Listing ID: 81205
Delicious Pizza, Italian dishes, wings, sandwiches and more….huge kitchen with large walk-in, large seating, large carry-out and delivery, very profitable family owned restaurant for many years, great reputation
owners sold it to family after 2 years in existence so 12 years total, this family has owned it nearly 10 years
Huge variety, huge kitchen, large dining
Opportunity to add more hours and more employees to increase revenue and growth
- Asking Price: $140,000
- Cash Flow: $105,147
- Gross Revenue: $188,325
- EBITDA: N/A
- FF&E: $42,000
- Inventory: $1,000
- Inventory Included: Yes
- Established: 2009
- Property Owned or Leased:N/A
- Property Included:N/A
- Building Square Footage:1,300
- Lot Size:N/A
- Total Number of Employees:2
- Furniture, Fixtures and Equipment:N/A
other business interests
The company was founded in 2009, making the business 13 years old.
The sale will include inventory valued at $1,000, which is included in the requested price.
The business has 2 employees and is situated in a building with disclosed square footage of 1,300 sq ft.
The property is leased by the business for $3,143.67 per Month
Why is the Current Owner Selling The Business?
There are all kinds of reasons individuals resolve to sell businesses. Nevertheless, the true factor vs the one they say to you may be 2 totally different things. As an example, they may say "I have too many other responsibilities" or "I am retiring". For numerous sellers, these factors are valid. But, for some, these might just be justifications to attempt to conceal the reality of changing demographics, increased competition, recent decrease in profits, or a variety of various other factors. This is why it is really important that you not depend totally on a seller's word, yet rather, make use of the vendor's solution along with your overall due diligence. This will paint an extra sensible picture of the business's current situation.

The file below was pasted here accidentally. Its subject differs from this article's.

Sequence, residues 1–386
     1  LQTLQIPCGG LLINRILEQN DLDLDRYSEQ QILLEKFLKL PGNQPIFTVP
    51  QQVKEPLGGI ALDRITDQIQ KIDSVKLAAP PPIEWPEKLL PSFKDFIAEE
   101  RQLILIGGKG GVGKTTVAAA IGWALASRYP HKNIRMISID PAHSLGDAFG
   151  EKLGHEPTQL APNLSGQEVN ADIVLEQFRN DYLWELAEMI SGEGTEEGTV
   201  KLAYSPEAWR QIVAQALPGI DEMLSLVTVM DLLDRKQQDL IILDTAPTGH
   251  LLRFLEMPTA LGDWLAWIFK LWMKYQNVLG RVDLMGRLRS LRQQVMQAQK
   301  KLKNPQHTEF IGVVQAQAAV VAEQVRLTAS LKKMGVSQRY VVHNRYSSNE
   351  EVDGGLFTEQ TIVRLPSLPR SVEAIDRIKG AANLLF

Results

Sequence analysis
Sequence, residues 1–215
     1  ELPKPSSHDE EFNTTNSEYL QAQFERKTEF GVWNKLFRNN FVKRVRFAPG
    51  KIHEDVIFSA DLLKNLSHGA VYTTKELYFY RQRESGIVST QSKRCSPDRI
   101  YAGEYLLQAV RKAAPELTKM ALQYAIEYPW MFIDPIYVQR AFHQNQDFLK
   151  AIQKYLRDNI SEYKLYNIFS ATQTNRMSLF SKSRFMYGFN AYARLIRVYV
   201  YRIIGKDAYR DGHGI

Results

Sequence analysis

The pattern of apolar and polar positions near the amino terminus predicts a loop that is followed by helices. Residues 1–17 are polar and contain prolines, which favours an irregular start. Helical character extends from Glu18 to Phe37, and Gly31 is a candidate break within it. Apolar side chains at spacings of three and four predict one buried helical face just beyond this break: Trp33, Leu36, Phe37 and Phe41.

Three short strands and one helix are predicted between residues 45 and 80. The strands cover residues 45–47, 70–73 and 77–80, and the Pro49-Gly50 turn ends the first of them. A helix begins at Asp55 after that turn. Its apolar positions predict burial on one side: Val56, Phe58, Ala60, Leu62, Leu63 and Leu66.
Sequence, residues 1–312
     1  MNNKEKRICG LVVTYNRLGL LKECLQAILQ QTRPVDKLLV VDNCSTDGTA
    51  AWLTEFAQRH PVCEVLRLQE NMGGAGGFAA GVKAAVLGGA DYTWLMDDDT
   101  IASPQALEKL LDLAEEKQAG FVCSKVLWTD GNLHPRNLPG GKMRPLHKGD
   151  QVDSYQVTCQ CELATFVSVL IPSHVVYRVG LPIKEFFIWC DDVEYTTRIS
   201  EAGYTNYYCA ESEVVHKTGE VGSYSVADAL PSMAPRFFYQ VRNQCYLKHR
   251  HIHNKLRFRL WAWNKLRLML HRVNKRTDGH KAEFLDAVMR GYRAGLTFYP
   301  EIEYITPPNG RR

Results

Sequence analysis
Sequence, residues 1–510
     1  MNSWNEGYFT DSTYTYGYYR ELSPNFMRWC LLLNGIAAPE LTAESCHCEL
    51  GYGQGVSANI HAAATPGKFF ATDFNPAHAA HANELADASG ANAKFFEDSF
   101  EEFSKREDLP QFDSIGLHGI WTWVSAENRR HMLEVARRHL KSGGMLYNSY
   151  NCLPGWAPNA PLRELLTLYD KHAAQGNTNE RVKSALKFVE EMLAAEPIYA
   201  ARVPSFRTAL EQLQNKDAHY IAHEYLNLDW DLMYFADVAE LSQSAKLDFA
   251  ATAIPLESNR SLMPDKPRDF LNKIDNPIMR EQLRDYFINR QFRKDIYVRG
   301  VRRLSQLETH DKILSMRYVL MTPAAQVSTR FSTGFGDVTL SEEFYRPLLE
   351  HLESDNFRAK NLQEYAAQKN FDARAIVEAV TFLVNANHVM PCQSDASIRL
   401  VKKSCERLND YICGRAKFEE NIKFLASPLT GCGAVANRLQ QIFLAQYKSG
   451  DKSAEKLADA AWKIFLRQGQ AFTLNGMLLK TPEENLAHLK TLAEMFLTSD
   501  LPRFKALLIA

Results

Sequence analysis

Existing Debts and Future Obligations
If the current entity is in debt, which numerous businesses are, then you will need to consider this when valuating/preparing your deal. Many operating businesses finance loans in order to cover points such as stock, payroll, accounts payable, so on and so forth. Keep in mind that occasionally this can mean that revenue margins are too thin. Lots of companies come under a revolving door of taking on debt as a way to pay back various other loans. In addition to debts, there may additionally be future commitments to think about. There might be an outstanding lease on equipment or the building where the business resides. The business might have existing agreements with suppliers that have to be met or might result in charges if canceled early.
Understanding the Customer Base, Competition and Area Demographics
Exactly how do companies in the location attract new customers? Most times, operating businesses have repeat consumers, which develop the core of their daily profits. Specific aspects such as brand-new competitors sprouting up around the area, road building and construction, and personnel turnover can influence repeat clients as well as negatively impact future incomes. One important thing to think about is the placement of the business. Is it in an extremely trafficked shopping center, or is it hidden from the main road? Undoubtedly, the more individuals that see the business on a regular basis, the higher the chance to construct a returning consumer base. A final idea is the basic area demographics. Is the business situated in a densely inhabited city, or is it situated on the outskirts of town? How might the regional average household earnings influence future revenue potential?